Don’t get me wrong; I like Zen people. I read Zen and the Art of Motorcycle Maintenance when I was twelve. But sometimes I want to very diplomatically screech at the top of my lungs to certain Zennies, “Exactly what planet (or what drug) are you on?”
Here’s an example. I read an article recently: “How To Live A Life of Contentment,” written by what I must assume is a single, male, non-parent, Zennie. (See http://zenhabits.net/peaceful-simplicity-how-to-live-a-life-of-contentment/
Of the 17 things this Zen author listed, I squirmed the most at:
1. Eliminate some commitments. (He writes)
Oh, my dear Zen Guru. Which commitments will I eliminate? Feeding the baby breakfast? Changing his poopy diaper? Buying groceries? Shoveling the snow so I can drive to get the groceries? Helping the kids find their snowboots? Cooking dinner? Doing the laundry? Picking up the zillion baby toys, pots, pans, and shoes that are all over the floor so that we can get to the dinner table? Bathing the baby? Sweeping under his highchair? Taking showers and brushing my own teeth? Picking up the kids from their schools? Washing dishes? Supervising homework? Fishing the baby out, when he’s elbow-deep in playing in the toilet?
This will be a tough decision. I really think it’s going to have to be brushing my teeth that gets eliminated today.
2. Do less each day. (He writes.)
3. Leave space between tasks or appointments. (He writes.)
Great idea; I’ll take a half hour to myself, to relish my favorite book of poetry in between bathing the baby and getting a new diaper on his bum. He’ll be fine and so will the carpet. Then I’ll take another ten minutes to meditate in between cooking the dinner and serving it. I’m sure no one will mind. Lastly, I’ll take a breather in between doing the dishes and the kitchen floor, and getting my kids to bed. A midnight bedtime story won’t affect them tomorrow when the alarm goes off, not at all.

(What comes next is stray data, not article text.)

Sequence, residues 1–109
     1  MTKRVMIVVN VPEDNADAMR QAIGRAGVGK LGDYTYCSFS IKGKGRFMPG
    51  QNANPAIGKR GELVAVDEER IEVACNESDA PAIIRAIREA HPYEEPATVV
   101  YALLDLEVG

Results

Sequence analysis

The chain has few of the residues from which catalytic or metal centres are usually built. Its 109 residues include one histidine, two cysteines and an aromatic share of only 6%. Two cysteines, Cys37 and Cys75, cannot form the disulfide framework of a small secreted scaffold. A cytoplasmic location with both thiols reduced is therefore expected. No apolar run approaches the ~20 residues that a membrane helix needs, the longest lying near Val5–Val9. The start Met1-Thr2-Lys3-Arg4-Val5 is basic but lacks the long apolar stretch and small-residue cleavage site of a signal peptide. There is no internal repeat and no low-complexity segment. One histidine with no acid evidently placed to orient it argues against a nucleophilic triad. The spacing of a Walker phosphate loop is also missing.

4. Eliminate as much as possible from your to-do list.
(Did we perhaps already cover this?)
5. Slow down and enjoy every task.
This is my favorite. The author suggests that: “Whatever you’re doing, whether it’s a work task or taking a shower or brushing your teeth or cooking dinner or driving to work, slow down. Try to enjoy whatever you’re doing. Be in the moment.”
Fantastic! Easy. (I’ll tell this to my screaming baby while I’m holding him down for a diaper change: “Sweetie pie, let’s just slow down and be in this moment, while we let the poop fly where it will”)
6. Single-task. Do not multitask.
I knew this was written by a single man without kids!
7. Eat more slowly.
8. Drive more slowly.
9. Eliminate stress.
10. Create time for solitude.
11. Do nothing.
“Sometimes, it’s good to forget about doing things, and do nothing,” he writes. Yeah! I’ll just not turn off the oven while the pie is in there. I’ll just not take out the trash because it feels so good to do yoga within nose-shot (is noseshot a word?) of a smelly trash can. I’ll just not sleep, because sleeping is for sissies and people who don’t know how to eliminate chores and commitments.
Now it’s my turn. Wanna hear my version of How To Live A Life of Contentment? See the article – part II at http://www.term.org/1796/oh-zen-how-to-live-a-life-of-contentment-part-ii/